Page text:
We have developed an optical atomic clock that is both precise enough to detect gravitational waves, and compact and portable enough that it could be put on a satellite. Our clock design makes use of a “two-photon transition” in calcium atoms. Novel aspects:
- First solid-state optical atomic clock concept. Can lead to with precision better than 1 part in 1018
- Reduced inhomogeneous broadening by the use of zero nuclear spin isotopes of rare-earth atomic ions doped into a crystal
- Will lead to portable device that can be used for high-precision navigation and deep-space satellite navigation
- Can be used to make a precise, portable and robust all-optical frequency standard, when combined with an optical frequency comb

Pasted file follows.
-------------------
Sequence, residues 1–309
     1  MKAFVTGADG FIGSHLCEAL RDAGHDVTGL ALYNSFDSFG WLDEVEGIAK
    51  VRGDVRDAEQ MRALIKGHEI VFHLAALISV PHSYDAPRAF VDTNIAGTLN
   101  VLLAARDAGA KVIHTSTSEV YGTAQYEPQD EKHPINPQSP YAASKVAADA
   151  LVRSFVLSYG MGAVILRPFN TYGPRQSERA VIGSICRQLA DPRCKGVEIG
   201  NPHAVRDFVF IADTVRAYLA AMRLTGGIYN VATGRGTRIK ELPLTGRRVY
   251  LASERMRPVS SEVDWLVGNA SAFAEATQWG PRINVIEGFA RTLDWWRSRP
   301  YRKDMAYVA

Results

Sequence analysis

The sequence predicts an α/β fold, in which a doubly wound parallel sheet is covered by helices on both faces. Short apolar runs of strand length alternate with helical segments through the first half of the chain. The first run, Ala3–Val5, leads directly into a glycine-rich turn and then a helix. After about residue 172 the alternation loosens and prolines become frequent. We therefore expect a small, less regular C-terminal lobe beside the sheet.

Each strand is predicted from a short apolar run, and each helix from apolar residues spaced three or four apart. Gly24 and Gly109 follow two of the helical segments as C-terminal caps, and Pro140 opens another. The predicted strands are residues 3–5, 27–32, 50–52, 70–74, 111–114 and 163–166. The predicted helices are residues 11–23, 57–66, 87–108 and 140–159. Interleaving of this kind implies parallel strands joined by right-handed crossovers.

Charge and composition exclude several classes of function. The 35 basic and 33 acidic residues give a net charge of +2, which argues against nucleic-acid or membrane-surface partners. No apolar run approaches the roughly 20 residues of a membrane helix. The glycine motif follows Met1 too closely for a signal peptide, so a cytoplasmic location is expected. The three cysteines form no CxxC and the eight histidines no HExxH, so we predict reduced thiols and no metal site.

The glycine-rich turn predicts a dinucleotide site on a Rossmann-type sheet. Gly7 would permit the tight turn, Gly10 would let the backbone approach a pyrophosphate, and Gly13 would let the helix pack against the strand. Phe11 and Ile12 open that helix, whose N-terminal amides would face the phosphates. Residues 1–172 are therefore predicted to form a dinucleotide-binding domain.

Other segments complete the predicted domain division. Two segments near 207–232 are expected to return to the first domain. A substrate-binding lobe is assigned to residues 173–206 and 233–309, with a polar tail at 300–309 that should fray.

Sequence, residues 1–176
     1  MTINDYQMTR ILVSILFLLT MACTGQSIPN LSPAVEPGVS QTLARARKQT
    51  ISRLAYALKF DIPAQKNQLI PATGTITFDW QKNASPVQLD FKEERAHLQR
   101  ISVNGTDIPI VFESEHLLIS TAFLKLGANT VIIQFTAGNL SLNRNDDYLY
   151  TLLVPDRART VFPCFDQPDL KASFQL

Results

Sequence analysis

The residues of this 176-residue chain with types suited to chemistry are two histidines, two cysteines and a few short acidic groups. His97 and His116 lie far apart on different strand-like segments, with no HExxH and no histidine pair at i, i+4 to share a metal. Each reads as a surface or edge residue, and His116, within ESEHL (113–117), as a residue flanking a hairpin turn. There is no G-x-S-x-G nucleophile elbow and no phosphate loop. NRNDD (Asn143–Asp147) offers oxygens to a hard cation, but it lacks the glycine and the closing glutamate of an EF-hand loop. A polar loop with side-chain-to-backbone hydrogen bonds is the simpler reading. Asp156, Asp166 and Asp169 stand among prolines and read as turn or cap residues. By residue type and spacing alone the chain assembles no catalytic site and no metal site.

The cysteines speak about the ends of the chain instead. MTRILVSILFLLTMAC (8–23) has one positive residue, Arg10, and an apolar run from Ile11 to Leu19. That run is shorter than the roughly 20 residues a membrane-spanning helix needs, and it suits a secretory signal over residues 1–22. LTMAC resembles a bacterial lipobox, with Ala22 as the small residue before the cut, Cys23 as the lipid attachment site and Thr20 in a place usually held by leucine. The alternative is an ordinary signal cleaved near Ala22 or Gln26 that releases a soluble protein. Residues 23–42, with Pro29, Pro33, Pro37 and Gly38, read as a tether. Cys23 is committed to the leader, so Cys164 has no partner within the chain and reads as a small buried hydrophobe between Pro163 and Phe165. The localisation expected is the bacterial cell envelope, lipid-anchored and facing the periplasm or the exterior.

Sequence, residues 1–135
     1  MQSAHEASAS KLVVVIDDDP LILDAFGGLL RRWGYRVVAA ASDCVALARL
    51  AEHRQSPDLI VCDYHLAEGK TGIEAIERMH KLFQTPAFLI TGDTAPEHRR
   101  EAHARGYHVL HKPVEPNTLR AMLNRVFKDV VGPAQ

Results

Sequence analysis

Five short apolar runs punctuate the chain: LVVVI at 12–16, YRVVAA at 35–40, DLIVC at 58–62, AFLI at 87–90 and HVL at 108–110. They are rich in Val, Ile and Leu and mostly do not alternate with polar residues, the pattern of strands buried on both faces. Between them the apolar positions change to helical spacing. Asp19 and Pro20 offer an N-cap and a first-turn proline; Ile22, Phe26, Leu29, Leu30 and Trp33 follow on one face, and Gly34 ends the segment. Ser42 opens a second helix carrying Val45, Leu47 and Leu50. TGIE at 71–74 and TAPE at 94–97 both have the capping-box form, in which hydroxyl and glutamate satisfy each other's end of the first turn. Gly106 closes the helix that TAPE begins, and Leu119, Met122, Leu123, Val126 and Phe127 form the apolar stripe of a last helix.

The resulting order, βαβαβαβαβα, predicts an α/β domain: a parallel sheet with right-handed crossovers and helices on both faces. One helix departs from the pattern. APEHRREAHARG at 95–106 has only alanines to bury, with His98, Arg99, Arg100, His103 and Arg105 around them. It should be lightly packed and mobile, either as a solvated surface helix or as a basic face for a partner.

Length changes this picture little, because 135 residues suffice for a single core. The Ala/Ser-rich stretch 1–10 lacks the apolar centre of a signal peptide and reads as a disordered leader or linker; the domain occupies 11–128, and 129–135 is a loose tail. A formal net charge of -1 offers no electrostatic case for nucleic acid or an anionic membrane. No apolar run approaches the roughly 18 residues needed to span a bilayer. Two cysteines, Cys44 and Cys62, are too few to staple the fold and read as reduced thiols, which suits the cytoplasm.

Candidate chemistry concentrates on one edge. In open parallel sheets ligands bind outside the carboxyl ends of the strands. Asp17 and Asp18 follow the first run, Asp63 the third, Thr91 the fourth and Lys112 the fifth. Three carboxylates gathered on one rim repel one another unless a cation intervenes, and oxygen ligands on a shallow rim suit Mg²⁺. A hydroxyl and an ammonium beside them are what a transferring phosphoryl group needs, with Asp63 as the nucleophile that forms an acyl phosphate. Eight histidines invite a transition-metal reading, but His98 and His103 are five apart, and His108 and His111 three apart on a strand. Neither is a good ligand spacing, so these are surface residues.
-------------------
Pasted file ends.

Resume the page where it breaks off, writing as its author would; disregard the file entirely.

OPPORTUNITY All clocks are based on stable oscillators, whether they are grandfather clocks using pendulum oscillators, or sundial clocks that rely on the steady rotation of the earth. In an optical atomic clock, the steady oscillator is a laser, which is regulated using the quantum oscillations of atoms. Optical atomic clocks are the most precise clocks in existence today. The lasers in these clocks have frequencies of 100s of terahertz, meaning that these clocks tick about a quadrillion (one million billion) times per second. Ours is a solid-state optical atomic clock based on a transparent crystal doped with selected atomic ions.
- Work is now being on an optical atomic clock and qubit operating at wavelengths in the telecommunications band
- Patent pending